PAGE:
Stretching the quads is essential for runners. It reduces the risk of injury and can improve strength and endurance during a run. Runners benefit by incorporating two different types of stretching into their routine. Dynamic stretches gear your quads for exercise, increasing the flow of oxygen and warming them for a run. Static stretching helps them relax and reduces tightness after a run.
High knees is a dynamic stretch that warms up the quads and hip flexors. Tuck your elbows by your sides. Run in place for a few seconds, then alternate lifting your knees as high as possible while you run. Pump your arms as you run. Continue for 30 to 60 seconds and repeat twice. Stop sooner if you can’t keep your back straight while you run, as hunching over indicates fatigue.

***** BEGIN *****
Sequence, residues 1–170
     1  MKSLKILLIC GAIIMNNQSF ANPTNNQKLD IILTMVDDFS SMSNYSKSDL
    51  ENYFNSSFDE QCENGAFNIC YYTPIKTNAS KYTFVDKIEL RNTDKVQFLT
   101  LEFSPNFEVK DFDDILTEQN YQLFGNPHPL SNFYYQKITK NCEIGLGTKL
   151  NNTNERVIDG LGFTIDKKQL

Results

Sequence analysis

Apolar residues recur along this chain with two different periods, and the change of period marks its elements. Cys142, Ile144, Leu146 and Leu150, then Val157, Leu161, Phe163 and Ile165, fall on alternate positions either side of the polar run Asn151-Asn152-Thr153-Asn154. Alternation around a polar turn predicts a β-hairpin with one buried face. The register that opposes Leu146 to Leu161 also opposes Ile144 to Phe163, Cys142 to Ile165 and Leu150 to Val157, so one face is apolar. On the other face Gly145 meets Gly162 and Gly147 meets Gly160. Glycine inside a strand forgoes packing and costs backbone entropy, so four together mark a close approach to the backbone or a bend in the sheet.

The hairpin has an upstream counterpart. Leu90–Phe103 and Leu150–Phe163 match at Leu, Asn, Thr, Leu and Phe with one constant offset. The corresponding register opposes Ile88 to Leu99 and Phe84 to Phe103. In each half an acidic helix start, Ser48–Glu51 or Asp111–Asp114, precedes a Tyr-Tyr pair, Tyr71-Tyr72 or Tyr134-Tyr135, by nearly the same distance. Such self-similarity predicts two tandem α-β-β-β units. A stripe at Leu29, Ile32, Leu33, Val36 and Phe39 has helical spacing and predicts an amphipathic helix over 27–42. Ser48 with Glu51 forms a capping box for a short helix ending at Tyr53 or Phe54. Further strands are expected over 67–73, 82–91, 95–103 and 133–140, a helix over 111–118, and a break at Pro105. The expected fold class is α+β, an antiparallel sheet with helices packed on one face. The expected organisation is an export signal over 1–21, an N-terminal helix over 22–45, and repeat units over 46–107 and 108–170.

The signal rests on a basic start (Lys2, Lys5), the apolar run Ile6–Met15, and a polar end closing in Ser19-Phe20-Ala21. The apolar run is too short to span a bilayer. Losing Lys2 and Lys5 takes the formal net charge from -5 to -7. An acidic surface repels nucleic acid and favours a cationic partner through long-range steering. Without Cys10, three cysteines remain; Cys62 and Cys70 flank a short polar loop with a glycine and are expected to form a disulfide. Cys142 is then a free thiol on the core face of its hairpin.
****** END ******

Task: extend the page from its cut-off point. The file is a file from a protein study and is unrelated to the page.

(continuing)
Doing this static stretch after a run reduces muscular tightness and helps prevent post-run soreness in your quads. Stand up straight and position your feet next to each other. Lift your left foot behind your left glute and wrap your hand around the top of your foot. Pull the top of your foot and press your heel against your glute. Stop when you feel tension in your left quad and hold for 10 to 15 seconds. Stretch your right quad the same way. Repeat this stretch six to eight times with each leg.
- American Academy of Orthopaedic Surgeons: Flexibility Exercises for Young Athletes
- Shape: Cardio Burst: High Knees
- Family Doctor: Running: Preventing Overuse Injuries
- ACE Personal Trainer Manual; American Council on Exercise